18 Winter Car Hacks That Are Borderline Genius. 21 Car Hacks That’ll Make Driving So Much Better. Improve Car Heating and Cooling With a New Car Cabin Air Filter. 13 Things You Need in Your Winter Car Survival Kit. 26 Things Everyone Should Keep in Their Car. 16 Things Your Mechanic Wants You to Stop Doing. Automotive Family Handyman Ignoring Your “Check Engine” and Other Warning Lights Driver’s often think they can ignore a lit check engine light because “it’s just an emissions problem.”
It’s true that the early On-Board Diagnostics (OBD) engine computers from 1982 just monitored the emissions systems. But that changed starting in 1996 with the introduction of OBD II. Ignoring a check engine, service engine soon or other warning light never pays. Waiting Too Long On Routine Maintenance Late model cars and trucks are built to more exacting tolerances and that means routine maintenance is more important than ever. Skipping or extending motor oil and transmission fluid changes can cause total engine and transmission failure. Yes, you can even change your own brake fluid and transmission fluid. Ignoring Unusual Noises Vehicles in good condition don’t make squealing, screeching, grinding, rumbling, clicking or clunking sounds. Got an unusual noise? Detailers Secret Tips for Professional Results.
5 Keys to Making Your Car Last for 200,000 Miles. Photo by Kekyalyaynen / Shutterstock.com A car is the ultimate financial black hole.
This depreciating asset sucks up your current savings and future wealth. For that reason, many frugal drivers share the dream of saving stashes of cash by pushing a car to 200,000 miles — or even beyond. Even if you’re not a penny-pincher, driving the same vehicle for years on end can help you build a retirement nest egg or even just accumulate more “fun” money. However, a car doesn’t make it to 200,000 miles on its own. The following tips will help you increase the odds that your ride will last for at least 200,000 miles. 1. So, you want to drive your car for the rest of the Trump administration. It all starts with buying the right vehicle. Earlier this year, iSeeCars.com released its latest annual ranking of the autos most likely to last more than 200,000 miles. Interestingly, not a single luxury vehicle made the top 10. 2. Every car has its own maintenance schedule, set by the manufacturer.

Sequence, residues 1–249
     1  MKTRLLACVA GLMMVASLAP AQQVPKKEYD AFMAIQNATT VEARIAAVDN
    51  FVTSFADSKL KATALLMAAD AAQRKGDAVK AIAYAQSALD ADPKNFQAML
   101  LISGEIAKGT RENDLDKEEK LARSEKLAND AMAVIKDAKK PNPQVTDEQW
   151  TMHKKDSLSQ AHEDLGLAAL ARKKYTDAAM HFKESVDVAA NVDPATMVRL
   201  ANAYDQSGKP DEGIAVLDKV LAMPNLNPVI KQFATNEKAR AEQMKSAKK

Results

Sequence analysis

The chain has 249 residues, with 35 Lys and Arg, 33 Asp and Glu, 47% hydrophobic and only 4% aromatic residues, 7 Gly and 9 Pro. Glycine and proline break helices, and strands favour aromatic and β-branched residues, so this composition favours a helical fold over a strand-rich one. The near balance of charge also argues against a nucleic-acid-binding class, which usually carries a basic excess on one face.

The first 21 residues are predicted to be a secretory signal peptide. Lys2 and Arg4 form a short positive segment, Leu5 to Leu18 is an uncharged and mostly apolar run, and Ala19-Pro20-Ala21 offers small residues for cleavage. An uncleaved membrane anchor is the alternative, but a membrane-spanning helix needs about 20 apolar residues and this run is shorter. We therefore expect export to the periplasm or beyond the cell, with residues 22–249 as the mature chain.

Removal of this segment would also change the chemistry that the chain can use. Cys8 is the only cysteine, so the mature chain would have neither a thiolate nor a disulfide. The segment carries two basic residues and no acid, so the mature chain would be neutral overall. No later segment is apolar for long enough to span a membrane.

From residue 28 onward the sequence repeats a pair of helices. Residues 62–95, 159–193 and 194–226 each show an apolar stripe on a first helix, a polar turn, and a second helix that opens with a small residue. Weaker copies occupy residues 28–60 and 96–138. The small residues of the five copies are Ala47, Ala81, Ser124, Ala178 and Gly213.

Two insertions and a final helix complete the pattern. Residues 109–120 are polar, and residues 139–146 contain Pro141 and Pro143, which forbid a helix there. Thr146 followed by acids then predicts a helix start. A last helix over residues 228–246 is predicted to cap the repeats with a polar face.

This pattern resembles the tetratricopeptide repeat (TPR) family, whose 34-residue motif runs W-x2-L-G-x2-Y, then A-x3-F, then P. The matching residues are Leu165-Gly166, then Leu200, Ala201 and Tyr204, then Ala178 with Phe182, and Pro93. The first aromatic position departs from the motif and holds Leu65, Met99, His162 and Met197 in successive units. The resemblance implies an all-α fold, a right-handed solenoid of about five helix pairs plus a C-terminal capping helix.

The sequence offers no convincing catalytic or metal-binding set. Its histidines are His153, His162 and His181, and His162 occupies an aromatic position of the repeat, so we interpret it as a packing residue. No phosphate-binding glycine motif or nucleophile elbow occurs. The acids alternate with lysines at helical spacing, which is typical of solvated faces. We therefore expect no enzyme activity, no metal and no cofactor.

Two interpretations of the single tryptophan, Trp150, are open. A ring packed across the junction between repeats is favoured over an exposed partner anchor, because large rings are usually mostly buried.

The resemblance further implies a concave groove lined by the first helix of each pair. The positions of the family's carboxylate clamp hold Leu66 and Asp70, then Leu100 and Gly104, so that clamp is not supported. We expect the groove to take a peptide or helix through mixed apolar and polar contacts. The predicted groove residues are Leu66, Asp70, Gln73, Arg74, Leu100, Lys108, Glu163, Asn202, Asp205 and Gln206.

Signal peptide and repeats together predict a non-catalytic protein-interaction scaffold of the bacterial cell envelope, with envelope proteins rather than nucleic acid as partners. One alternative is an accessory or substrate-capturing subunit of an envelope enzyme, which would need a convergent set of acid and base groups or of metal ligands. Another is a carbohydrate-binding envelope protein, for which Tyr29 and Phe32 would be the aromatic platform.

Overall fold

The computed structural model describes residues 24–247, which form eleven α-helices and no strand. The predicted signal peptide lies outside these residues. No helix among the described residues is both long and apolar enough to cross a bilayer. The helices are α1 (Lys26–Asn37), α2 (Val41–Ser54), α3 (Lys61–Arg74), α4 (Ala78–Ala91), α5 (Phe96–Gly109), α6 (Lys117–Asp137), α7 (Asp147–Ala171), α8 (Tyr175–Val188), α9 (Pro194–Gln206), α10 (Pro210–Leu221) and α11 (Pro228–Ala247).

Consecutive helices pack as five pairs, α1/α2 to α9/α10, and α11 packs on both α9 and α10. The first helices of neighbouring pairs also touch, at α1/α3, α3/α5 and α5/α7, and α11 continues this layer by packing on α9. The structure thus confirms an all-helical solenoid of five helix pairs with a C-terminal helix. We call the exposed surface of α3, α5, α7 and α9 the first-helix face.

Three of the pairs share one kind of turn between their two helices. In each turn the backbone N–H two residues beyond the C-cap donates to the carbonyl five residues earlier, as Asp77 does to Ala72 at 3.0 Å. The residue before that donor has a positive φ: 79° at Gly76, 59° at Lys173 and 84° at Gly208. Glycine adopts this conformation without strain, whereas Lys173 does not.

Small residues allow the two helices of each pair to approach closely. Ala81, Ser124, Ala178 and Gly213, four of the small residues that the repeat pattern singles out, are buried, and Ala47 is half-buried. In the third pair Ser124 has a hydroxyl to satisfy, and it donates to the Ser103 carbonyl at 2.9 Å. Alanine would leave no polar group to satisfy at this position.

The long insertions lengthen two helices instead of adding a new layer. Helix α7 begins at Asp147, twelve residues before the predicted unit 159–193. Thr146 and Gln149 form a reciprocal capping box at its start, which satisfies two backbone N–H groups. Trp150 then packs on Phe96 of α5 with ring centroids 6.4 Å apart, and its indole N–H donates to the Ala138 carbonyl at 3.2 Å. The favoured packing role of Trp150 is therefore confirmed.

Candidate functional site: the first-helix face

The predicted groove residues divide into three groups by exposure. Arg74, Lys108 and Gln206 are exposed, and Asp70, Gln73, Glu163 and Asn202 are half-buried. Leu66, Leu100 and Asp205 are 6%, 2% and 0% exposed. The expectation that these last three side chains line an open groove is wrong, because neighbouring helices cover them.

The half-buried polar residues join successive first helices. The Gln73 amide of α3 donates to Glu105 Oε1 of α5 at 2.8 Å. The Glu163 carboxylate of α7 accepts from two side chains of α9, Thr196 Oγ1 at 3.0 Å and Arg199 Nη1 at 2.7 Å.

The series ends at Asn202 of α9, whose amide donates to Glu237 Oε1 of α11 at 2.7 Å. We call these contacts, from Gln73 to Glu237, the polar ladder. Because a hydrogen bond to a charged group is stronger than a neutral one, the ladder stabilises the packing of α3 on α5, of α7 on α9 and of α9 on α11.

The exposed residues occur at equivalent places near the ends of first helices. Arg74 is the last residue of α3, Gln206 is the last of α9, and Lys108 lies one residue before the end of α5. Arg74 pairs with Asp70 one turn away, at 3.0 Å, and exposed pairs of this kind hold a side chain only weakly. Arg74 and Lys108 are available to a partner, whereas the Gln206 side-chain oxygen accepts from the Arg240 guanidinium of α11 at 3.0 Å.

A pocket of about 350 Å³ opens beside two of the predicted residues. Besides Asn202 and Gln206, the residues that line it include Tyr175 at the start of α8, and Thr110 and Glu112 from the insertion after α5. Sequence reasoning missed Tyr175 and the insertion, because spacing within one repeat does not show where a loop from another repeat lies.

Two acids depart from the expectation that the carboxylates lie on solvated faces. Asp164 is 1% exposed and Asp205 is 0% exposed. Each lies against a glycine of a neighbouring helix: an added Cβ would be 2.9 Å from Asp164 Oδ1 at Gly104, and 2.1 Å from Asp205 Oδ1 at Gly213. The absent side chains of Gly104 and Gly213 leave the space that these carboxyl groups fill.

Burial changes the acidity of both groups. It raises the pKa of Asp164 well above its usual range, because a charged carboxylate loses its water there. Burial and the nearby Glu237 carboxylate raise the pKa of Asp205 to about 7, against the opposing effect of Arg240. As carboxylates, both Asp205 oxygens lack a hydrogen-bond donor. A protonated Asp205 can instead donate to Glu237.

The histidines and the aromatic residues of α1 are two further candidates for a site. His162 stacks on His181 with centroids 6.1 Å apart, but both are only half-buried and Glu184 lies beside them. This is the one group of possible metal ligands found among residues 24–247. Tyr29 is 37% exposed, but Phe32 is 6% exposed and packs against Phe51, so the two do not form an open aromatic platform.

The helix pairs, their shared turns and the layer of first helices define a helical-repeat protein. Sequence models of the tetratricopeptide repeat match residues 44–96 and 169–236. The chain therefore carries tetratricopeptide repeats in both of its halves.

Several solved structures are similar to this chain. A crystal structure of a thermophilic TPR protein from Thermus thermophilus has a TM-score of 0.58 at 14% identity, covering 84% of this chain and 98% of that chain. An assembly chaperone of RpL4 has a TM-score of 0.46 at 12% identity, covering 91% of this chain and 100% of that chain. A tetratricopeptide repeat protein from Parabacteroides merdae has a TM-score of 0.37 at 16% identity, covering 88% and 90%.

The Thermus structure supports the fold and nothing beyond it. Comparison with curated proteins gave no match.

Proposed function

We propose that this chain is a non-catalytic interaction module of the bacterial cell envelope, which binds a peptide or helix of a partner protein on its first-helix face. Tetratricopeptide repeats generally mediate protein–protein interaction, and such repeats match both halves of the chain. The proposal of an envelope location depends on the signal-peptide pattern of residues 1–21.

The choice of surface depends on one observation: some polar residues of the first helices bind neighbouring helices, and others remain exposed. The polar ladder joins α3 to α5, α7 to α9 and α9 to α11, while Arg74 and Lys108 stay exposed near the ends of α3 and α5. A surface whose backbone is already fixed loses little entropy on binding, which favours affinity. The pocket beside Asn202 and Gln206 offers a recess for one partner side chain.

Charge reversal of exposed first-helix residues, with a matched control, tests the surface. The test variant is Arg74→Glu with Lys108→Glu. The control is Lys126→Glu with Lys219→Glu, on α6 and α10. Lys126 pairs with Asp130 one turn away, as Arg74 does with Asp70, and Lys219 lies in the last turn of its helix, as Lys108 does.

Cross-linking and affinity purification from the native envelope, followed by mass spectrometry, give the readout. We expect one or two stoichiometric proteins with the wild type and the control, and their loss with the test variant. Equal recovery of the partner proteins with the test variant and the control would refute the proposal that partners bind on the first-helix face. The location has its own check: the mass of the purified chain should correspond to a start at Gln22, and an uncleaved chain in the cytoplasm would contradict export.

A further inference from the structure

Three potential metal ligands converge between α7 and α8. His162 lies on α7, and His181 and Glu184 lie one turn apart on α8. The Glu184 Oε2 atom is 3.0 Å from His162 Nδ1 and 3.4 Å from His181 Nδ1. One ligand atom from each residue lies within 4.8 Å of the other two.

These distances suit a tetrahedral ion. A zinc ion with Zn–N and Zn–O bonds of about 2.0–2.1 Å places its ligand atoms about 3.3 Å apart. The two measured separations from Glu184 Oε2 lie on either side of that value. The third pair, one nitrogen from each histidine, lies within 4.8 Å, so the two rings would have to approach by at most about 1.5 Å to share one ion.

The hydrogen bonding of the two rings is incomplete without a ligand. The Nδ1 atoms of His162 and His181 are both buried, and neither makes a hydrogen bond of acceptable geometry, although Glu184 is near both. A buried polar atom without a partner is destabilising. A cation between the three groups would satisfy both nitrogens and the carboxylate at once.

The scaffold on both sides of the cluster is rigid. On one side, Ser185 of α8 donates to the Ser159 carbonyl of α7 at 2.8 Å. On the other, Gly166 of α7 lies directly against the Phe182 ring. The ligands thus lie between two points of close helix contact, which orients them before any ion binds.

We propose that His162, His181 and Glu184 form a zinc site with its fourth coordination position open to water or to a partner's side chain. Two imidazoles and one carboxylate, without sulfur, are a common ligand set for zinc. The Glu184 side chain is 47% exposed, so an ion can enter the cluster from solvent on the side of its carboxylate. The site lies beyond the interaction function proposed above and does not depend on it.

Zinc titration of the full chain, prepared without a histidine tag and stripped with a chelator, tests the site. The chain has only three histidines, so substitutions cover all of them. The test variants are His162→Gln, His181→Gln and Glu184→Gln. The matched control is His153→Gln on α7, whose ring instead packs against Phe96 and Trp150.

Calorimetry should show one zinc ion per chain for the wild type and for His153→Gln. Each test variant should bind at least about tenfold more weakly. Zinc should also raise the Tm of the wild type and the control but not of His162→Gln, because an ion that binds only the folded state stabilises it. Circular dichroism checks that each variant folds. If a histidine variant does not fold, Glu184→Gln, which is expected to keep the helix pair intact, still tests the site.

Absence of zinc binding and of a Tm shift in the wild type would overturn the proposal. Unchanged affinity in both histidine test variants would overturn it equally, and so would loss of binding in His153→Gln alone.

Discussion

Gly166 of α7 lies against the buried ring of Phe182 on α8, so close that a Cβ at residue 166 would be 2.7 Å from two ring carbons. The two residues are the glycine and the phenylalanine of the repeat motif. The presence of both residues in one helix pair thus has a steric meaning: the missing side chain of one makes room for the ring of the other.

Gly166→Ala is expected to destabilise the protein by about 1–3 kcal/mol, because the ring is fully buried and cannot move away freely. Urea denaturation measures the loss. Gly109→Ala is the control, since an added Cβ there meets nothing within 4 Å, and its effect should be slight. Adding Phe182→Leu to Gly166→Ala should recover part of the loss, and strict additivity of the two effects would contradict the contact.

Licensed Brands. 5 DIY Ways to Make Your Car Smell Great. The average American drives 13,476 miles a year, according to the Federal Highway Administration.
That’s a lot of time to spend in a less-than-fragrant car. Fortunately, there are many potential fixes for the problem — and some of them are inexpensive, chemical-free and eco-friendly. Following are five DIY ways to get your ride smelling swell. 1. Open a box of dryer sheets Over at Reddit, a contributor named j-mt suggests storing an opened box of dryer sheets under the front seat of your car.
And he suggests a bonus feature of using dryer sheets: If you smoke, smell like the restaurant you just ate at, or just need a freshness pick-up, you can take one out of the box and rub it all over your clothes for a freshly laundered smell. 2. Love the smell of fresh-brewed coffee in the morning? Tie the sock and put it under the driver’s seat. If you simply can’t get enough of the smell, you can duplicate it in your home.
Rental Car Insurance: Do You Need It? - State Farm™ - Simple Insights™ It's a standard question at a rental car company counter: "Do you need rental car insurance?
" The answer can be muddy, which is why preparation is key. Here's how to sort out the specifics. Step 1: Talk to your State Farm agent Most vehicle insurance policies already include some sort of rental car insurance coverage—so if you purchase a rental car policy, you're paying extra when you may not have to. Ask your agent these key questions: Do liability, comprehensive, and collision coverage and any deductibles extend to rental car agreements? Step 2: Call your credit card company If you pay for a rental car with a major credit card, there's a good chance that the card issuer offers secondary car rental insurance at no charge. Step 3: Review your rental coverage options Never sign anything or agree to coverage without reading the policy thoroughly, and know that insurance requirements and rules vary from state to state. For work or play? He Fills A Sock With Kitty Litter, Then Puts It In His Car. The Result? GENIUS! ⋆ Nifymag.com.
21 Insanely Clever Tricks To Vastly Improve Your Car.